New Zealand Superannuation
Automatic Government contributions to the New Zealand Superannuation Fund will be suspended until budget surpluses again become sufficient to meet contributions. This is not forecast to occur until 2020/21.
This projected 11 year suspension of contributions will not affect entitlements. But it will affect the future size of the Fund and its ability to fund those entitlements. The Government will defer drawing on the Fund for three years (drawdowns will start in 2030/31 instead of 2027/28).
The primary driver for suspending the contributions is to reduce Government debt. If continued, automatic contributions over the next 11 years would add $19.5 billion to debt, with interest on top of that.
Contributions by the Government are forecast to resume after the 11 year suspension at the rate provided under the formula prescribed in the Fund’s governing legislation. That rate will be higher than it would have been had the contributions continued, but the resulting Fund will still be smaller in size. This means that a greater proportion of the cost of New Zealand Superannuation entitlements will have to be met from future Government revenues and not from the Fund itself.
In the meantime the Government will contribute $250 million to the New Zealand Superannuation Fund this year, and will also review on an annual basis whether to make future partial contributions.
The $250 million contribution this year is to assist with the Government’s policy of the investment of 40% of the Fund’s assets in New Zealand investments. The Minister of Finance has said that there will be Ministerial direction to the Guardians of the Fund with respect to that policy.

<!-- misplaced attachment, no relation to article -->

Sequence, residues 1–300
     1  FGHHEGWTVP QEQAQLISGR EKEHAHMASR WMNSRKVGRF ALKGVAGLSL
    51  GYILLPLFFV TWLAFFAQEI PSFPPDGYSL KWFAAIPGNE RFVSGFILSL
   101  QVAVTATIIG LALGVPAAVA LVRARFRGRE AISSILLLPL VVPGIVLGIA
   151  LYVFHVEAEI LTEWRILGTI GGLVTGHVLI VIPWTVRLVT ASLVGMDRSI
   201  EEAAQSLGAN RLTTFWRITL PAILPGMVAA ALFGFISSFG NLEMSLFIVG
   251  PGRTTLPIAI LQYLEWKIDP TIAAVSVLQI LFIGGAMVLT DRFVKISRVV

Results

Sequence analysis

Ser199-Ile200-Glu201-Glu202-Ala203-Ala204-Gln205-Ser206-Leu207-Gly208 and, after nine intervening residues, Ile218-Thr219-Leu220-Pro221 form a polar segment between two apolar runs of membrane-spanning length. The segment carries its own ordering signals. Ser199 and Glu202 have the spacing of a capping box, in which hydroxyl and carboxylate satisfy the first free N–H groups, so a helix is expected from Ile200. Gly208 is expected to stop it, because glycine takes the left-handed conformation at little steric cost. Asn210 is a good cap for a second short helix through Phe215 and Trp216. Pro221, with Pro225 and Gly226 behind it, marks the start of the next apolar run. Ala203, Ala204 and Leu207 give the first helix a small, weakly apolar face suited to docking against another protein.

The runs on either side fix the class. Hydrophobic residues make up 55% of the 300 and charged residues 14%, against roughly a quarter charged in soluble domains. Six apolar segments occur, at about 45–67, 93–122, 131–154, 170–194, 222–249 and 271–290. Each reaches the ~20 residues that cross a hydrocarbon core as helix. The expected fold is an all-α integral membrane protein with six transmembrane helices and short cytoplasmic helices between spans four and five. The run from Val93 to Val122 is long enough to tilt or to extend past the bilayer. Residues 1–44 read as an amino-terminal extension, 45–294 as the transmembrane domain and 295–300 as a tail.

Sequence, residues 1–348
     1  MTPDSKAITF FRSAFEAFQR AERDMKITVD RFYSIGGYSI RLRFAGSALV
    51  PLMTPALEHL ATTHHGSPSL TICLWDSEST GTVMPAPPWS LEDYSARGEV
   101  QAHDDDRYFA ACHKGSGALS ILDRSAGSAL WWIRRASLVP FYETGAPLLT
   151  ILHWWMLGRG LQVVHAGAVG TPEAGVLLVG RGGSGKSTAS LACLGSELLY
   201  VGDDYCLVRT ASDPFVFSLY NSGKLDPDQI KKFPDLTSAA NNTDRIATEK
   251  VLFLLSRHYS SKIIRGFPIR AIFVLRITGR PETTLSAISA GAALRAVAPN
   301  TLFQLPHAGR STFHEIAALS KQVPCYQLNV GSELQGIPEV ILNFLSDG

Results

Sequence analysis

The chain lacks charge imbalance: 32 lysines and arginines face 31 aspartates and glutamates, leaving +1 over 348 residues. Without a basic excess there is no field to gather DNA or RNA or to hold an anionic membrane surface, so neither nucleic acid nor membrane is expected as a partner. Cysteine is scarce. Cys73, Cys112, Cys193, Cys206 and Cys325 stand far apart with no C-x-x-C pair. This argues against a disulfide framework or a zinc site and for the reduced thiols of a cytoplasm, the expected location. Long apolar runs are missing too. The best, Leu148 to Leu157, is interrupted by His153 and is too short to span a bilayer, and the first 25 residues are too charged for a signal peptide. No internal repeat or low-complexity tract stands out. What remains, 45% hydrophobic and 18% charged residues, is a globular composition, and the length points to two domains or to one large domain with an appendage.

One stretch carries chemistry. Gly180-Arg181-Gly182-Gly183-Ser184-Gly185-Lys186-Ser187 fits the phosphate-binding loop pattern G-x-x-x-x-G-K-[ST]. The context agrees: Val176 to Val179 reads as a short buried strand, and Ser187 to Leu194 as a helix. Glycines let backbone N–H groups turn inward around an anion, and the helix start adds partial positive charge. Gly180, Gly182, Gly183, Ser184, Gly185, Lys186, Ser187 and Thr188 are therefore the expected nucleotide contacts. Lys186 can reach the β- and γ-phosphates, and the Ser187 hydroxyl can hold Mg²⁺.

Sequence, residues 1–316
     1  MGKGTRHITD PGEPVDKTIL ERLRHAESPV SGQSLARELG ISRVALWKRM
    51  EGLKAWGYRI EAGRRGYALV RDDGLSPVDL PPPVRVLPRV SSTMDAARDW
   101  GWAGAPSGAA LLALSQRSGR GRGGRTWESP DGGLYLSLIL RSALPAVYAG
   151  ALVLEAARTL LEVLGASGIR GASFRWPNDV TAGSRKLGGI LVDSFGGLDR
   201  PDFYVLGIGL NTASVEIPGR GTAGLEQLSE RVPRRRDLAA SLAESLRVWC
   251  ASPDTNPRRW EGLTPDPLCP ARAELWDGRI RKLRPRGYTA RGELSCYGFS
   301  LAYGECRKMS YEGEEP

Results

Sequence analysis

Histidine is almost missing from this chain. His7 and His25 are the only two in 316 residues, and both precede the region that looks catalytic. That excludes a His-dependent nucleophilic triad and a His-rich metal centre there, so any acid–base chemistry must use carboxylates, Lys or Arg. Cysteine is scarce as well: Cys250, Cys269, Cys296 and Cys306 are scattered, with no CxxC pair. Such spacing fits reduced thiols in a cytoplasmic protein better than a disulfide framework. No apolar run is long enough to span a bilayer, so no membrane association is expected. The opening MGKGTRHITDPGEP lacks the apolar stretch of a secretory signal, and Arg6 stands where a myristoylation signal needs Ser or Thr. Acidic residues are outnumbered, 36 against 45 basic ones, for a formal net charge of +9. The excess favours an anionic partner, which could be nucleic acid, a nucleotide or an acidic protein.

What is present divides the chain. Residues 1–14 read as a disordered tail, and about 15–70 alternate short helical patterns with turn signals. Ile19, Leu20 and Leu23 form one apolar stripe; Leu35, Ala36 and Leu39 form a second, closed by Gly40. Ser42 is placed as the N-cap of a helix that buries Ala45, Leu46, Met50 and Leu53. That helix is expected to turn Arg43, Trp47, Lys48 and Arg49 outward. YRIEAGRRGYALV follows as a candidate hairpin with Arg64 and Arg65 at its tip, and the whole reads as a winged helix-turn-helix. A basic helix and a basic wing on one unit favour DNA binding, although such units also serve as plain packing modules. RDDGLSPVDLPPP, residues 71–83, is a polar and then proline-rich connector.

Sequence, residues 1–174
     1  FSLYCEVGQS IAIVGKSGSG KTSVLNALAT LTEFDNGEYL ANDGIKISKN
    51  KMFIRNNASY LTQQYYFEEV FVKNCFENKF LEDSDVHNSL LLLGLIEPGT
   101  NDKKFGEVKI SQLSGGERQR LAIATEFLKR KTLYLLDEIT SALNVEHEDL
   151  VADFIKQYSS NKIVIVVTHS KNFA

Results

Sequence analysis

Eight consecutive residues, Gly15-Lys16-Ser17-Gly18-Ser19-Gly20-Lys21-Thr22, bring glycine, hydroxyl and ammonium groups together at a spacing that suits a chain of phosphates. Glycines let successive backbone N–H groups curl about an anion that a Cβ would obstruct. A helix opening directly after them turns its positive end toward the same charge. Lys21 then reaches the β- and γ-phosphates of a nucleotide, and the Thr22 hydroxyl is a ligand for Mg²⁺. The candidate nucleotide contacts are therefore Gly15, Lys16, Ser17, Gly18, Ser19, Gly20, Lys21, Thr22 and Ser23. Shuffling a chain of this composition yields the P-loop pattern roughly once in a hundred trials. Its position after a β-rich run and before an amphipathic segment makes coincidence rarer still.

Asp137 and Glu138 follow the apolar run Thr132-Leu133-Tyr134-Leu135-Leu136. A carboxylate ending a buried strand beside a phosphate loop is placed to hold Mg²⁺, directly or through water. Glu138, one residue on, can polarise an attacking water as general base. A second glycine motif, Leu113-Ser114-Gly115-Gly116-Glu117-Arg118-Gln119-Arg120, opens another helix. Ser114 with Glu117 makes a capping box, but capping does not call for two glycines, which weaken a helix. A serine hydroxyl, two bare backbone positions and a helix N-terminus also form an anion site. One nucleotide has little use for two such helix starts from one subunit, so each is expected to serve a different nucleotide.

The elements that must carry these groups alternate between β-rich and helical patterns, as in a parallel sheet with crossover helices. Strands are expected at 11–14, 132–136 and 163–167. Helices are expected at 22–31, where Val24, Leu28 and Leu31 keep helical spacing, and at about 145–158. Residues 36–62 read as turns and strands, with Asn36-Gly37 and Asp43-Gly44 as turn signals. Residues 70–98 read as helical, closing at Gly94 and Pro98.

The Government has committed to maintaining New Zealand Superannuation to be paid from age 65 and at the rate of 66% of the average wage.
Closure of KiwiSaver mortgage diversion facilities
The Government has announced that the mortgage diversion facilities provided for under KiwiSaver schemes (and, we understand, complying superannuation funds) will be closed to new applicants from 1 June 2009. These facilities allow members to divert up to half their contributions to mortgage repayments (subject to conditions).
Providers may keep a mortgage diversion facility open for existing participants, but will, if they choose, be able to stop providing the facility altogether.
The Government’s rationale for the closure is that the facilities:
give rise to additional and unnecessary compliance costs for providers, and
are contrary to the “lock-in” principle of KiwiSaver. There was no practical solution for stopping early access to funds via mortgage diversion, except by further complicating the law and imposing further compliance costs.
The details of the closure are set out in legislation being introduced today.
Deferral of tax cuts
As expected, the Government has deferred the tax cuts that were to have taken effect from 1 April 2010 and 1 April 2011. We expect the deferral will flow through to the rates for employers' superannuation contribution tax and other taxes that function as a proxy for income tax.